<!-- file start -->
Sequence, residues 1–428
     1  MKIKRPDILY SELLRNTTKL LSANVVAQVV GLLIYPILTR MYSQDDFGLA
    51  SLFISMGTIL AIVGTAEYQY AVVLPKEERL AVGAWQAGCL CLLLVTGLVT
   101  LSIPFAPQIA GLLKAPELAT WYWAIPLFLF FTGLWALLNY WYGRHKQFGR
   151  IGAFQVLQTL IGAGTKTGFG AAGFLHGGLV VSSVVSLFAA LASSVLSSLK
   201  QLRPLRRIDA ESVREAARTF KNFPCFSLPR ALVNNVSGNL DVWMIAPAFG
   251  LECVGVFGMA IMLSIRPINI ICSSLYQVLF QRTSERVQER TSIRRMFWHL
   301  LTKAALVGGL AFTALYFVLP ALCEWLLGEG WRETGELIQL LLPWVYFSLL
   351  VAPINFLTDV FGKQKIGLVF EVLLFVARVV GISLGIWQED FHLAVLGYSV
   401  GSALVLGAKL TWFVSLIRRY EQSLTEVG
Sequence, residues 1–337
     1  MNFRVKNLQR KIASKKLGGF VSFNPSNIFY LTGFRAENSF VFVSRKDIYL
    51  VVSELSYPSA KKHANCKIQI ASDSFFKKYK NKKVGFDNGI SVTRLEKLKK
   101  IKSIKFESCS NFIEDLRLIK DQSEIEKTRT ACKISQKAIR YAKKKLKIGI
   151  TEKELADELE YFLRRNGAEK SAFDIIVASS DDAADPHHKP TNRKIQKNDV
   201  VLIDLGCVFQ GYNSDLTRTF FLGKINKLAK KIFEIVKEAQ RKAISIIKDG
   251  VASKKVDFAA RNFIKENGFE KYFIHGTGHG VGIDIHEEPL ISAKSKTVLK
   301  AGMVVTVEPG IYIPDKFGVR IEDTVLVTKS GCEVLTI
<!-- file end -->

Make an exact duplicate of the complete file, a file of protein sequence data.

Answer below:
Sequence, residues 1–428
     1  MKIKRPDILY SELLRNTTKL LSANVVAQVV GLLIYPILTR MYSQDDFGLA
    51  SLFISMGTIL AIVGTAEYQY AVVLPKEERL AVGAWQAGCL CLLLVTGLVT
   101  LSIPFAPQIA GLLKAPELAT WYWAIPLFLF FTGLWALLNY WYGRHKQFGR
   151  IGAFQVLQTL IGAGTKTGFG AAGFLHGGLV VSSVVSLFAA LASSVLSSLK
   201  QLRPLRRIDA ESVREAARTF KNFPCFSLPR ALVNNVSGNL DVWMIAPAFG
   251  LECVGVFGMA IMLSIRPINI ICSSLYQVLF QRTSERVQER TSIRRMFWHL
   301  LTKAALVGGL AFTALYFVLP ALCEWLLGEG WRETGELIQL LLPWVYFSLL
   351  VAPINFLTDV FGKQKIGLVF EVLLFVARVV GISLGIWQED FHLAVLGYSV
   401  GSALVLGAKL TWFVSLIRRY EQSLTEVG
Sequence, residues 1–337
     1  MNFRVKNLQR KIASKKLGGF VSFNPSNIFY LTGFRAENSF VFVSRKDIYL
    51  VVSELSYPSA KKHANCKIQI ASDSFFKKYK NKKVGFDNGI SVTRLEKLKK
   101  IKSIKFESCS NFIEDLRLIK DQSEIEKTRT ACKISQKAIR YAKKKLKIGI
   151  TEKELADELE YFLRRNGAEK SAFDIIVASS DDAADPHHKP TNRKIQKNDV
   201  VLIDLGCVFQ GYNSDLTRTF FLGKINKLAK KIFEIVKEAQ RKAISIIKDG
   251  VASKKVDFAA RNFIKENGFE KYFIHGTGHG VGIDIHEEPL ISAKSKTVLK
   301  AGMVVTVEPG IYIPDKFGVR IEDTVLVTKS GCEVLTI